Saturday, January 28, 2012

GOP seeks to sack Anderson for protecting ratepayers

The first week of the Legislative session made one thing very clear; the Senate Republican caucus has chosen to double down on partisanship and division. The hope that the downfall of Amy Koch and the mysterious firing of Michael Brodkorb would bring a new tone to the Senate was squelched immediately. Republicans balanced the Senate's budget on the backs of pages, interns, and DFL staff while giving a raise to the new Senate Republican Caucus communications chief, Steve Sviggum. Republicans introduced a cavalcade of constitutional amendments that are solely for the purpose of bypassing the Governor's veto. Then on Friday, Republican leaders announced that they plan to deny former Senator Ellen Anderson confirmation as head of the Public Utilities Commission (PUC) on Monday, further signaling their intent to go to war with the Dayton administration on every front possible.

Ellen Anderson (Photo: PUC website)
New Senate Deputy Majority Leader Julianne Ortman's justification for failing to confirm Anderson is that she is "controversial."
"She's got a tough record for job providers, job creators, the ratepayers," Ortman said. "Her work has created some controversy. It makes it very difficult to confirm a commissioner who is as controversial as she has been."
But Anderson's record as PUC Chair has been remarkably free of controversy. Dayton spokesperson Katie Tinucci noted that of the 221 recorded votes taken while Anderson has chaired the PUC, 204 were unanimous. Six times, Anderson voted in the minority. This is notable because Republicans hold a 3-2 majority on the PUC, including former Senator Betsy Wergin.

Two of these six minority votes demonstrate how Anderson stands up for Minnesota energy consumers.

First, Xcel Energy received a $100 million settlement from a lawsuit that they filed against the U.S. Department of Energy for the cost of nuclear waste storage. The settlement is required to be refunded to ratepayers, and the PUC had to approve the amount of the refund and the means of distribution. As part of the PUC order, Xcel sought to deduct $1.9 million in litigation costs from the refunded money, while the Department of Commerce's position was that only $565,000 in litigation costs was warranted. On a 2-3 vote, Anderson and Republican Commissioner O'Brien voted to save ratepayers over $1.3 million. They were outvoted, and Xcel was allowed to deduct the full $1.9 million from their rebate to Minnesota ratepayers.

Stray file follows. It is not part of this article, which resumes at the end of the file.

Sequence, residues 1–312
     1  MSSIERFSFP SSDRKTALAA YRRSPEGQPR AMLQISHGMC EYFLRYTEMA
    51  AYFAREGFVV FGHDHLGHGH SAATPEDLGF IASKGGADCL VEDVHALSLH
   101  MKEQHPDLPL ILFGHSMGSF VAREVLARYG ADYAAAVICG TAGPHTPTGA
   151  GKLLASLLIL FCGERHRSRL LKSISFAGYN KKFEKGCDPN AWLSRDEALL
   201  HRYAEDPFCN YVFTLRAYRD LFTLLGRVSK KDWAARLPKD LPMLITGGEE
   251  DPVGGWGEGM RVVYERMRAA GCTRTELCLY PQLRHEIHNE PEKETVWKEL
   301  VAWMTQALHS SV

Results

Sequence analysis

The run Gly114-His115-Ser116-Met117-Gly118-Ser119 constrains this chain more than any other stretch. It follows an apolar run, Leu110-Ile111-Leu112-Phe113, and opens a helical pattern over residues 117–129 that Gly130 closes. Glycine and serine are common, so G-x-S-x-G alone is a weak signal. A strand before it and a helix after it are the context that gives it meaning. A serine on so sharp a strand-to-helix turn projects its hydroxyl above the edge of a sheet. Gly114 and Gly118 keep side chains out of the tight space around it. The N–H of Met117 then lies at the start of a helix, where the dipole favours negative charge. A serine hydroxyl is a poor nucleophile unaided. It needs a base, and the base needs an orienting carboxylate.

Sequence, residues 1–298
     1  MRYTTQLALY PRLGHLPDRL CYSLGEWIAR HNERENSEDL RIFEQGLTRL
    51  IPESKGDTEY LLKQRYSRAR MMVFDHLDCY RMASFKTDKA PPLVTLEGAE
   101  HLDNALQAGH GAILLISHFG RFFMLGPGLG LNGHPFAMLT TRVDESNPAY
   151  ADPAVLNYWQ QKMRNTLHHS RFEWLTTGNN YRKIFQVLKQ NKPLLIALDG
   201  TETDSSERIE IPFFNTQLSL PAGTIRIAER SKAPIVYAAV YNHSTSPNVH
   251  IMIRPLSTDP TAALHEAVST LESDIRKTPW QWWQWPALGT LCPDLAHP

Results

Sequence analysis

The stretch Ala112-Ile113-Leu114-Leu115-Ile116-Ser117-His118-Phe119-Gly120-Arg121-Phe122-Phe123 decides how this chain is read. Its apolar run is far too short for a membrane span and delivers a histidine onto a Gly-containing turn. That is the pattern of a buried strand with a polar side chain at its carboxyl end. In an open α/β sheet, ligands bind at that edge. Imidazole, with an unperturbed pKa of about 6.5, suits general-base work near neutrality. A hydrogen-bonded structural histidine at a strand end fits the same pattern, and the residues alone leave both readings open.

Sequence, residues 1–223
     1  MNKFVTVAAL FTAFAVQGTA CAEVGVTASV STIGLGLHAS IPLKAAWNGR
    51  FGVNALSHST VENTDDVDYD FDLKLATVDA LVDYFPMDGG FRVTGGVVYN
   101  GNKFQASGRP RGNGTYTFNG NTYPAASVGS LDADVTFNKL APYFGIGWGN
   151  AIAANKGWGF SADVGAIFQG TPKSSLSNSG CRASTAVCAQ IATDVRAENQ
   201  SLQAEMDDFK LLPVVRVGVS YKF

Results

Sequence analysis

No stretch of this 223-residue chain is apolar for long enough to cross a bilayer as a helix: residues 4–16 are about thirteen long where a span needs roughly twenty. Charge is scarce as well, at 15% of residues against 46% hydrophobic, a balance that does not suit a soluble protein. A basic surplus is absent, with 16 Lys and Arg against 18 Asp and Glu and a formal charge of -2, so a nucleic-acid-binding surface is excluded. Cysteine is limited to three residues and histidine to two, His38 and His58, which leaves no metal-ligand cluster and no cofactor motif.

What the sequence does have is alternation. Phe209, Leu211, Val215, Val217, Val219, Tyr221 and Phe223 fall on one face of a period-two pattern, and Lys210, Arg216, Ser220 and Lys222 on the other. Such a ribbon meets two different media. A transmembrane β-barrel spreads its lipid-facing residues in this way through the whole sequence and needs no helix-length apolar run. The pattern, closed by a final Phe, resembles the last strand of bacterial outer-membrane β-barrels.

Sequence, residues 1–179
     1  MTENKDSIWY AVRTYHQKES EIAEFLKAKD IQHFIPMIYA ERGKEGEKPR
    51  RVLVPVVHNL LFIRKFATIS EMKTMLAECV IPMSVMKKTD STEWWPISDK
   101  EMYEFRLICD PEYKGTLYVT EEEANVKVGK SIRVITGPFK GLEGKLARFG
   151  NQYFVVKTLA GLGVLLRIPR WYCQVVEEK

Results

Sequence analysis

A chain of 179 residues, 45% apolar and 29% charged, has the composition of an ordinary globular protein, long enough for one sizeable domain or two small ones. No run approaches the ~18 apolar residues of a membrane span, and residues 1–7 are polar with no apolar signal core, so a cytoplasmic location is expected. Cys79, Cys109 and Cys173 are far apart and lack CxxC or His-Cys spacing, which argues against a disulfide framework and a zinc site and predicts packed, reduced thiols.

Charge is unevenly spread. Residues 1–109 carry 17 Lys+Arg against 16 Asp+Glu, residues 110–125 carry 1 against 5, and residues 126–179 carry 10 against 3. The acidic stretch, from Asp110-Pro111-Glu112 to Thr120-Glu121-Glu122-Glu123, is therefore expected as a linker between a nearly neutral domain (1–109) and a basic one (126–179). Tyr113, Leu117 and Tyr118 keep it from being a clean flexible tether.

Second, Anderson was the lone vote against a PUC order involving an increase in electric rates by Minnesota Power. In 2008, Minnesota Power sought a rate increase of 24% for its residential customers and a 3.5% increase for its large industrial users. Minnesota Power and the Minnesota Chamber of Commerce defended the targeting of residential customers, claiming their rates had been subsidized by large energy users. The Minnesota Attorney General's office and citizen groups fought to reduce the impact of the rate increase on residential customers, and eventually won a more equitable distribution for the rate increase. However, while the case was being decided, the PUC allowed Minnesota Power to implement an interim increase that was modified by the final order. The interim rate increase hit residential ratepayers harder than the final rate increase, but when the time came to adjust their bills, mines and the Chamber of Commerce sought to avoid paying their full share. The final vote on this matter was a 1-3 vote, with Anderson upholding the side of the Attorney General's position that residential ratepayers should be refunded their overpayments, while the rest of the PUC voted to protect mines and large power users.

Between these two cases, Anderson voted to save residential energy ratepayers $6.4 million. She was outvoted, and that money went to the energy companies and large industrial energy consumers. In the second vote, Anderson chose the side that would have resulted in a $45 to 50 rebate per household, and her GOP colleagues voted to charge them another $5, even though it was the residential customers who overpaid in the first place.

These matters are complex and difficult to understand at times, but the reason we need Ellen Anderson as the PUC Chair is because she'll stand up for residential energy consumers against big corporations. And that's exactly why Ortman thinks she's "controversial."

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